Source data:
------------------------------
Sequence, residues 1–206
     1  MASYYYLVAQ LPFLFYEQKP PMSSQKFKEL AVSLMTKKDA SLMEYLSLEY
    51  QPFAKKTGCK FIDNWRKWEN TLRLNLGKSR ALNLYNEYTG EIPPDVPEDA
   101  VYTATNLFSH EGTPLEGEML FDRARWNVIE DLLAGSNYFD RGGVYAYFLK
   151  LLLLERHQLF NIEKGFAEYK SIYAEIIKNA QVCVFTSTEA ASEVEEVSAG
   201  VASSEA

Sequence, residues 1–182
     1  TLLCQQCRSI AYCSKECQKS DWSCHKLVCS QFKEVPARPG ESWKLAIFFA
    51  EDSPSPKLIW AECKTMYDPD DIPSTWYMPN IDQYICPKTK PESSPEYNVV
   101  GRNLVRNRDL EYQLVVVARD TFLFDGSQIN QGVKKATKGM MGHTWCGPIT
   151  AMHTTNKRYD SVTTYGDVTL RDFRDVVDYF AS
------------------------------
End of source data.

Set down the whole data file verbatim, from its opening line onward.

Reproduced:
Sequence, residues 1–206
     1  MASYYYLVAQ LPFLFYEQKP PMSSQKFKEL AVSLMTKKDA SLMEYLSLEY
    51  QPFAKKTGCK FIDNWRKWEN TLRLNLGKSR ALNLYNEYTG EIPPDVPEDA
   101  VYTATNLFSH EGTPLEGEML FDRARWNVIE DLLAGSNYFD RGGVYAYFLK
   151  LLLLERHQLF NIEKGFAEYK SIYAEIIKNA QVCVFTSTEA ASEVEEVSAG
   201  VASSEA

Sequence, residues 1–182
     1  TLLCQQCRSI AYCSKECQKS DWSCHKLVCS QFKEVPARPG ESWKLAIFFA
    51  EDSPSPKLIW AECKTMYDPD DIPSTWYMPN IDQYICPKTK PESSPEYNVV
   101  GRNLVRNRDL EYQLVVVARD TFLFDGSQIN QGVKKATKGM MGHTWCGPIT
   151  AMHTTNKRYD SVTTYGDVTL RDFRDVVDYF AS